• Mission Support Bureau – Works to improve services to all internal and external customers; organized around the following six offices:
    • Office of the Chief Security Officer
    • Office of the Chief Procurement Officer
    • Office of the Chief Information Officer
    • Office of the Chief Component Human Capital Officer
    • Office of the Chief Administrative Officer
    • Enterprise Business Unit
  • Federal Insurance and Mitigation Administration (FIMA) – Oversees the National Flood Insurance Program and a number of other programs that are designed to reduce loss to homes, building, and other critical facilities due to natural disasters
  • Protection and Natural Preparedness – Responsible for coordinating all activities related to preparedness and protection, such as grants, community preparedness, training, and planning
  • United States Fire Administration – Provides leadership for all fire and emergency services stakeholders

FEMA offices include:

  • Center for Faith Based and Neighborhood Partnerships
  • Office of the Chief Financial Officer
  • Officer of Disability Integration and Coordination
  • Office of Equal Rights
  • Office of the Executive Secretariat
  • Office of External Affairs (Congressional affairs, disaster operations, intergovernmental affairs, private sector, and public affairs)
  • Resource Management and Administration
  • Office of Chief Counsel
  • Office of Policy and Programs Analysis
  • Defense Production Act Program Division

FEMA Today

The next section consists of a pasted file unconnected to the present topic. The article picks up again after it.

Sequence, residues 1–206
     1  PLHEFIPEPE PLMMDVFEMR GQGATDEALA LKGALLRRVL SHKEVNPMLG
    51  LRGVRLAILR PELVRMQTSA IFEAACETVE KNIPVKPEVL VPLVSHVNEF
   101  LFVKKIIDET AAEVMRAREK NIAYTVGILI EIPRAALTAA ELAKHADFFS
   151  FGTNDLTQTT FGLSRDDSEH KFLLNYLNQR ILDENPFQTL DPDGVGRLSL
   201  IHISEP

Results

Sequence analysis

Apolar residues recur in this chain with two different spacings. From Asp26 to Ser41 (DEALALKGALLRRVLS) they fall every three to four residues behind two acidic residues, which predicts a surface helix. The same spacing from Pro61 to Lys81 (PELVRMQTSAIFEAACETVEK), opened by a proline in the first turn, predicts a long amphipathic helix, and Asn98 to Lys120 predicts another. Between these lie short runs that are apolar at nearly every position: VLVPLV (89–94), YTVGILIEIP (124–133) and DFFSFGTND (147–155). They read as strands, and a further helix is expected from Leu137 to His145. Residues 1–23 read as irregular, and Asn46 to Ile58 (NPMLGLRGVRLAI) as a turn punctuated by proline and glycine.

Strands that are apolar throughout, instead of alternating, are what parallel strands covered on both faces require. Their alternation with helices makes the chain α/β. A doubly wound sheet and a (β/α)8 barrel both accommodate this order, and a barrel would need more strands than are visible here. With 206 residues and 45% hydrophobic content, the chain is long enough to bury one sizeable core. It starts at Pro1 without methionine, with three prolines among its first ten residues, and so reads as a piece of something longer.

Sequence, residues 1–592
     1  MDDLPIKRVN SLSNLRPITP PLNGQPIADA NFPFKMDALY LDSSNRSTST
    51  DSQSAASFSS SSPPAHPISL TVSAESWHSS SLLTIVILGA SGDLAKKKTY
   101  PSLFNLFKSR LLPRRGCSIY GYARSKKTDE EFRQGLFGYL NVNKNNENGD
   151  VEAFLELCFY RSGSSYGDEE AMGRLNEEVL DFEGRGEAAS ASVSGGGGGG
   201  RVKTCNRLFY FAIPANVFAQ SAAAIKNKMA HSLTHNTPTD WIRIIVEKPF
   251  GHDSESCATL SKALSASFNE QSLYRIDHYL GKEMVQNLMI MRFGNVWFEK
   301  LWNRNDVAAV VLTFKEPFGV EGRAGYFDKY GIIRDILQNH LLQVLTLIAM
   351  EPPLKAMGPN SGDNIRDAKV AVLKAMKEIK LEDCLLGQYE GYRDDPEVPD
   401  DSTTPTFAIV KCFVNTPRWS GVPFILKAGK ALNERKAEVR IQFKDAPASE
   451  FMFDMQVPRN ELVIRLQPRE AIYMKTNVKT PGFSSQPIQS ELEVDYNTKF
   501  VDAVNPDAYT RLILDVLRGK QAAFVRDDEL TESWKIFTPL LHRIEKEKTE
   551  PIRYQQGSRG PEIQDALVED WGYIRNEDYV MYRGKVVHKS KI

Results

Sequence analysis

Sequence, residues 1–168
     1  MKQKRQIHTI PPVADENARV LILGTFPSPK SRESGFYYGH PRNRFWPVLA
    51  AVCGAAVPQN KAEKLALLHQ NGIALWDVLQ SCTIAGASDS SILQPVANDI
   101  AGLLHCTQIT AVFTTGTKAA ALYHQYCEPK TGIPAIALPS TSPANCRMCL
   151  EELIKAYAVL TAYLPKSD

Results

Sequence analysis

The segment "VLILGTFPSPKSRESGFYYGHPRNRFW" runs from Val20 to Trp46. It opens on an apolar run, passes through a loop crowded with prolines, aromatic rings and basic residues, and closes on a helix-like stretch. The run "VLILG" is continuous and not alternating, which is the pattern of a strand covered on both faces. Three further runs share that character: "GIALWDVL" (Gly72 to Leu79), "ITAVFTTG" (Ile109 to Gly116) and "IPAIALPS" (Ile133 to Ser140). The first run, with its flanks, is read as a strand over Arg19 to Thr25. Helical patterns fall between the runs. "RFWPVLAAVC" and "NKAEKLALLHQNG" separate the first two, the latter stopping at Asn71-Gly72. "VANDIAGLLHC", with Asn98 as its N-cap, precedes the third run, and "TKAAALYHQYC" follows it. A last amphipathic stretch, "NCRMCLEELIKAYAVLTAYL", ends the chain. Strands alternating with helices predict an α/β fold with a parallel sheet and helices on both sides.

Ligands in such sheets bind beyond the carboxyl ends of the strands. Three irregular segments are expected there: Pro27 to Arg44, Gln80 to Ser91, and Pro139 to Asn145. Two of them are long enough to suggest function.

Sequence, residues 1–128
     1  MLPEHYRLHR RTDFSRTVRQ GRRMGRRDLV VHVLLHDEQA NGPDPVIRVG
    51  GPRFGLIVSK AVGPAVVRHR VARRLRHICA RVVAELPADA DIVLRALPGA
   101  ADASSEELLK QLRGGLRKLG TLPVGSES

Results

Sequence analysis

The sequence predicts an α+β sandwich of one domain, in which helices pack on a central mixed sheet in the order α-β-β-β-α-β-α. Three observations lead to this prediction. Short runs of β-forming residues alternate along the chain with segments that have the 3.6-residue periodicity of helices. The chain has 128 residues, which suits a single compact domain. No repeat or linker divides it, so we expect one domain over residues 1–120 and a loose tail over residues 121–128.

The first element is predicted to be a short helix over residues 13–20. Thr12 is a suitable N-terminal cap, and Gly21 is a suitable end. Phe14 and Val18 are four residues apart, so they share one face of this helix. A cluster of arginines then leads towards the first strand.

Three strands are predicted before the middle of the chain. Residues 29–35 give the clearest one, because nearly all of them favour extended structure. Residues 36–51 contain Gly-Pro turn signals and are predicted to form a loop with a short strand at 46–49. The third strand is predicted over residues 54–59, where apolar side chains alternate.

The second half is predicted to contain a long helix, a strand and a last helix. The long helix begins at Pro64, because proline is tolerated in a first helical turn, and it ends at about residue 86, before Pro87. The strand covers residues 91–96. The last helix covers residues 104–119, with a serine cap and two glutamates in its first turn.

According to a FEMA report, the agency responded to more disasters in 2011 than any other year in its history, which included 98 major disaster declarations, 112 fire management assistance grant declarations, and 26 emergency declarations. During the same time, FEMA gave more than $2.9 billion in federal preparedness grants to protect and strengthen the nation from all hazards, which included:

  • 1 Intercity Passenger Rail Security grant: $22.2 million
  • 10 Regional Catastrophic Preparedness grants: $14 million
  • 123 Port Security grants: $235 million
  • 21 Tribal Homeland Security grants: $10 million
  • 21 Urban Areas Security Initiative Nonprofit Security grants: $18.9 million
  • 26 Emergency Operations Center grants: 14.6 million
  • 3,554 grants to fire departments: $775.9 million
  • 31 Urban Areas Security Initiative grants: $662.6 million
  • 39 Transportation Security grants: $200 million
  • 56 State Homeland Security grants: $526.8 million
  • 58 Emergency Management Performance grants: $329 million
  • 83 Intercity Bus Security grants: $4.99 million

From Hurricane Irene, which impacted more than 35 million people along the nation’s Eastern seaboard, to the destructive tornadoes of Joplin, Missouri and the devastating flooding in North Dakota, 2011 challenged FEMA’s reach and capabilities.

Since its inception, FEMA has served as the federal government’s leading agency when responding to moments of crisis. In total, FEMA and dedicated employees have responded to, and coordinated response and recovery operations for more than 1,800 incidents.